The line of the day, surprisingly, didn’t come from Sen. Bernie Sanders (I-Vt.) but from Sen. Patrick Leahy (D-Vt.).
“I am not going to vote for $25 billion for a dumb-ass wall!” he thundered, referring to President Donald Trump’s proposed barrier along the United States’ southern border. The crowd leaped to its feet and roared.
It was that kind of an afternoon in the gymnasium at Hardwick’s Hazen Union High School, an unlikely venue for a gathering of Vermont’s entire congressional delegation. After all, we’re talking about a town of 3,000 that’s, honestly, kind of hard to get to. Worth the effort, but an unlikely gathering place for top-shelf national politicos.
The Saturday event was an all-out pep rally for the progressive cause, headlined by Leahy, Sanders and Congressman Peter Welch (D-Vt.). If there were any Republicans in the audience, they kept it on the down low.
Rowdy progressives and liberals, on the other hand, showered the trio with approval and adoration. The crowd favorite was Sanders, of course; but his two colleagues more than held their own. Welch had the toughest assignment in Vermont politics: following Sanders to the lectern. He was equal to the task, delivering a fiery speech that kept the audience engaged and delighted.
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Welch, Sanders and Leahy autograph a “What Would Bernie Do?” sign.
Spirits were high, mainly because of the august company, but also because of congressional Republicans’ epic failure to repeal the Affordable Care Act the day before. “I woke up this morning feeling pretty good” was Sanders’ opening line. The sentiment was clearly shared by everyone on hand.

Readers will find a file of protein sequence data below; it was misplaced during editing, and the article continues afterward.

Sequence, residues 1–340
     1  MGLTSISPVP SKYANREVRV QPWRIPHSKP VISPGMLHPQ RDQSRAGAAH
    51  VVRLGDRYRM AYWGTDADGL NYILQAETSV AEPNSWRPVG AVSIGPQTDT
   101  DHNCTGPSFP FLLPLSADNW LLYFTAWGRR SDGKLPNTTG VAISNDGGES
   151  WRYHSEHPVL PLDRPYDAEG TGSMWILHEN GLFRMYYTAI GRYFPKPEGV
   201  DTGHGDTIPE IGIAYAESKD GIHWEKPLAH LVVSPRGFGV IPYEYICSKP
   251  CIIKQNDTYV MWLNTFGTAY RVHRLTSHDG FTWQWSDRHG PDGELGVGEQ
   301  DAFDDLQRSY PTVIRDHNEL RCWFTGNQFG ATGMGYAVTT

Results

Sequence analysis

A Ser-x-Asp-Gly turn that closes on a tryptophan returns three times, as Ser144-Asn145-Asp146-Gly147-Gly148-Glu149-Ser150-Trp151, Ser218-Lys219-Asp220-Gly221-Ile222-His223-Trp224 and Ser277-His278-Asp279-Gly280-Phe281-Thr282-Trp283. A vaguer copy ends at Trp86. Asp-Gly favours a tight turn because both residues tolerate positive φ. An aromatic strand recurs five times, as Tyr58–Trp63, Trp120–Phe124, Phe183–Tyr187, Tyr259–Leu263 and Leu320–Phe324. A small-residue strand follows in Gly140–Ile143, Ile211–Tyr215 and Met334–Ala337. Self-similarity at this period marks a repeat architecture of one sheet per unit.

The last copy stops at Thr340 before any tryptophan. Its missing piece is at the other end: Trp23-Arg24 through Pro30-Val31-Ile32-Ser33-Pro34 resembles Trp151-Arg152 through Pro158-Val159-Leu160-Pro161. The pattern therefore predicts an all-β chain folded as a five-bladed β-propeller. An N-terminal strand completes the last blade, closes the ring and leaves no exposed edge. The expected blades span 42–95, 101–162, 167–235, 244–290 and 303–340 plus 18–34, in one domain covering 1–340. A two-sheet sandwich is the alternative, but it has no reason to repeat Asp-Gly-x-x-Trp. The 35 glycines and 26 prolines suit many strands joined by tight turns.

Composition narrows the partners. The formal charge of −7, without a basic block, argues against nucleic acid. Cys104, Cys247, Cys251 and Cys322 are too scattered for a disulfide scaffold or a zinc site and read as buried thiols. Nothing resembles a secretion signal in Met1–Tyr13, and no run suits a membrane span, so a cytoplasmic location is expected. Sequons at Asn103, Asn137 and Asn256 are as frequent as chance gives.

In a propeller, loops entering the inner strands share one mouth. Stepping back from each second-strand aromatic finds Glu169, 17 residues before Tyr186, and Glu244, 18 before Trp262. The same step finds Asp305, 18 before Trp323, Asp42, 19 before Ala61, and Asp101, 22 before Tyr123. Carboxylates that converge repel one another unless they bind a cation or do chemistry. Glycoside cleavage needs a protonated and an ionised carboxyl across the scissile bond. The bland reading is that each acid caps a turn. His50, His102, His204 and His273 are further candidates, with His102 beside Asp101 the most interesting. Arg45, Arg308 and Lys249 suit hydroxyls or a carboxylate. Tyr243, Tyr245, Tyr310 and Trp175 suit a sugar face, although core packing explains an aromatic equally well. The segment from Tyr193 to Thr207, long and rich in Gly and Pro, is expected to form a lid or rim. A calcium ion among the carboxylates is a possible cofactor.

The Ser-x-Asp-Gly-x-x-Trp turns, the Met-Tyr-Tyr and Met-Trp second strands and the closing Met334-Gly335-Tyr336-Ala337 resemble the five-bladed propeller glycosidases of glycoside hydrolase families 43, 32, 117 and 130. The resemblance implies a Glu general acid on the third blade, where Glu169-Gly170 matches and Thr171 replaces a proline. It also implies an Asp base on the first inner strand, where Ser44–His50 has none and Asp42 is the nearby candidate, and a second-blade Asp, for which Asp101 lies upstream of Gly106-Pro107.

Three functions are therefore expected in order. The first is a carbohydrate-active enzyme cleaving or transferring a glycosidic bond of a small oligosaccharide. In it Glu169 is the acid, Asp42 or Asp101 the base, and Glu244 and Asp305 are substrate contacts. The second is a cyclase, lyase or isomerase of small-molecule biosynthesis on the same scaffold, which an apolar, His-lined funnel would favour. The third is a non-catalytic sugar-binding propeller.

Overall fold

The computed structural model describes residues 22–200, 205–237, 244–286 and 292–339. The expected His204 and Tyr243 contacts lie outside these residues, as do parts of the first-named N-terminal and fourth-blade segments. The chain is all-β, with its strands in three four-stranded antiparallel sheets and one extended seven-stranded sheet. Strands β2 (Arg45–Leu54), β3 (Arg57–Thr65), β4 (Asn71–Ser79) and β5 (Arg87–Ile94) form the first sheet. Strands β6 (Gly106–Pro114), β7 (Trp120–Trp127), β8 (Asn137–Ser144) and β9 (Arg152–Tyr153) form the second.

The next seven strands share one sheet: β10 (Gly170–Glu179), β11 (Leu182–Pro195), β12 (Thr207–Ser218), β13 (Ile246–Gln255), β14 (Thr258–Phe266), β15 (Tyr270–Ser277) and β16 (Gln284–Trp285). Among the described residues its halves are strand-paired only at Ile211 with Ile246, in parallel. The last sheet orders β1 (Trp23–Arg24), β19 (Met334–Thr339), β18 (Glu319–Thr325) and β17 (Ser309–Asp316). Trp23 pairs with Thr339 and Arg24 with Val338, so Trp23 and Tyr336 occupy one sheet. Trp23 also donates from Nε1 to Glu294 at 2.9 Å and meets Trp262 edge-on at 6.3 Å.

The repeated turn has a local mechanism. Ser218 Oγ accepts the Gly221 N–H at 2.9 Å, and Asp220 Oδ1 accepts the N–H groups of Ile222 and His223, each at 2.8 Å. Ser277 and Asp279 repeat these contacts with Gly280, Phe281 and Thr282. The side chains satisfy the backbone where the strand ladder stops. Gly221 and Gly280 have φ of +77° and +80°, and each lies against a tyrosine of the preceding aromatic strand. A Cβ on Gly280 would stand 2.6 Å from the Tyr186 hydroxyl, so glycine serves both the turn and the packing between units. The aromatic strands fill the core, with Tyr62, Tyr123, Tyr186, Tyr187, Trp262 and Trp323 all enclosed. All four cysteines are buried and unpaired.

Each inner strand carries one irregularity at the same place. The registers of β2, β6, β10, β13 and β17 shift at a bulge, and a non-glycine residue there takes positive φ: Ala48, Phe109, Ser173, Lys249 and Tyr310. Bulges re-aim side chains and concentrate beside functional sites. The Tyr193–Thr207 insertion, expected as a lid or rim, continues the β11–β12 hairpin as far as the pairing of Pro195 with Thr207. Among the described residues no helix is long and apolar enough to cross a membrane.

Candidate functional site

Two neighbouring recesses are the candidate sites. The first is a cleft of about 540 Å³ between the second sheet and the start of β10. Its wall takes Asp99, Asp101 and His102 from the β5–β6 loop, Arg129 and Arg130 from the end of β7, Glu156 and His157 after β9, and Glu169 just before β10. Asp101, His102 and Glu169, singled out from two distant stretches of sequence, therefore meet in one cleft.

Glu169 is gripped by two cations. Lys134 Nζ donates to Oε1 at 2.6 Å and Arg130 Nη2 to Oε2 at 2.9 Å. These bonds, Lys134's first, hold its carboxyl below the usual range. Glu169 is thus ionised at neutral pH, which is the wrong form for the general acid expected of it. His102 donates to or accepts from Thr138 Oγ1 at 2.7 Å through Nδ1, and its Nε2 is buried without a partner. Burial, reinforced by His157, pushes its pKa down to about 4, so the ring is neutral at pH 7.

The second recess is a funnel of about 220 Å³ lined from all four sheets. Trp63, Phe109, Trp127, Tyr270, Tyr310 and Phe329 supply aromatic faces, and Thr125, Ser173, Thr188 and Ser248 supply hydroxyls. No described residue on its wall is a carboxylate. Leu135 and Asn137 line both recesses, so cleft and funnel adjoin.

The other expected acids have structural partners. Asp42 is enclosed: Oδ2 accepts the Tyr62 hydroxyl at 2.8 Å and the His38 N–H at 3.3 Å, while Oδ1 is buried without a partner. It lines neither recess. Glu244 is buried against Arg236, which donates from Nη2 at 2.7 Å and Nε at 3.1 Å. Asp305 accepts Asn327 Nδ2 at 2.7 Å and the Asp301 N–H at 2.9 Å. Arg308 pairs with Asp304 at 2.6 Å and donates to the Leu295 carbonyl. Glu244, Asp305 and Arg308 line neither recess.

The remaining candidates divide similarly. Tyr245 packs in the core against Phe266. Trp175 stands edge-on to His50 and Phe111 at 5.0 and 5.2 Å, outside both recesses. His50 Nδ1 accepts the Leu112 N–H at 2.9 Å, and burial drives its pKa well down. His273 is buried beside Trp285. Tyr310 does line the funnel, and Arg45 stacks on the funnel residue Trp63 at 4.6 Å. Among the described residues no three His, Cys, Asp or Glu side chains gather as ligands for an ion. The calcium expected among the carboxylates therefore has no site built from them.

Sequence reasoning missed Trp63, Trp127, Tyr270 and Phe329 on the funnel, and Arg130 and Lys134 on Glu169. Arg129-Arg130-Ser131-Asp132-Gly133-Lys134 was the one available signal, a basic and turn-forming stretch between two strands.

Welch — a member of the House Energy and Commerce Committee, which had primary jurisdiction over the bill — recalled its curious gestation.
“The Affordable Care Act was published 30 days in advance,” he said. “We held 79 hearings. There were 14 months of debate. Remember when Republicans said ‘Read the bill’? This time, we were saying, ‘Write the bill!’”
It was a moment of well-earned schadenfreude for the delegation. Still, as Leahy noted, “These are scary times. When I talk to people, I can hear the fear and concern in their voices.”
The three laid into the Trump administration and the Republican Congress on every front — including the continuing threat to the ACA, executive actions to strip regulatory protections, and upcoming battles on the budget and tax reform.
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Sen. Bernie Sanders, Sen. Patrick Leahy and Congressman Peter Welch greet a crowd on Saturday in Hardwick.
Sanders urged a continuing dedication to the cause. “Democracy is not a spectator sport!” he exclaimed. “We have got to be involved as we have never been involved before.”
“It’s not a tactic, it’s a commitment,” Welch said. “We have to be in this for the long haul, and work together.”
All three emphasized the importance of reaching across ideological lines.
“Listen to Trump voters,” said Welch. “They’re not all bad people. They’ve been sold a bill of goods by Trump.”
“Get the word out all over the country,” added Sanders. “When people in Oklahoma and Mississippi understand what Trump’s agenda means, they will oppose it.”
Listening to the three of them, one got the sense that there’s a great deal of ideological unity within the Vermont delegation. But Leahy and Welch were effusive in their praise of Sanders as a unique figure on the national stage — the person who brought “Vermont values” to the entire country.
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Sen. Patrick Leahy chats with a constituent on Saturday in Hardwick.
After the event, hundreds of people approached the speakers, hoping to share a word or get a picture. One woman with a hand-lettered “What Would Bernie Do?” sign got it autographed by all three.
Sanders worked the crowd for a few minutes and departed for more events in a busy schedule. Leahy and Welch lingered, greeting all who wanted a moment of their time, until the gym was practically empty.
This writer is often skeptical of the phrase “Only in Vermont.” Too often, it’s a pretext for exaggerated claims of special virtue or wisdom. But on Saturday in Hardwick … that was 100 percent pure Only In Vermont.
John Walters is the political columnist for Seven Days. He is a longtime journalist and spent many years as a news anchor and host for public radio stations in Michigan and New Hampshire. He’s the author of Roads Less Traveled: Visionary New England Lives, published by Plaidswede Press.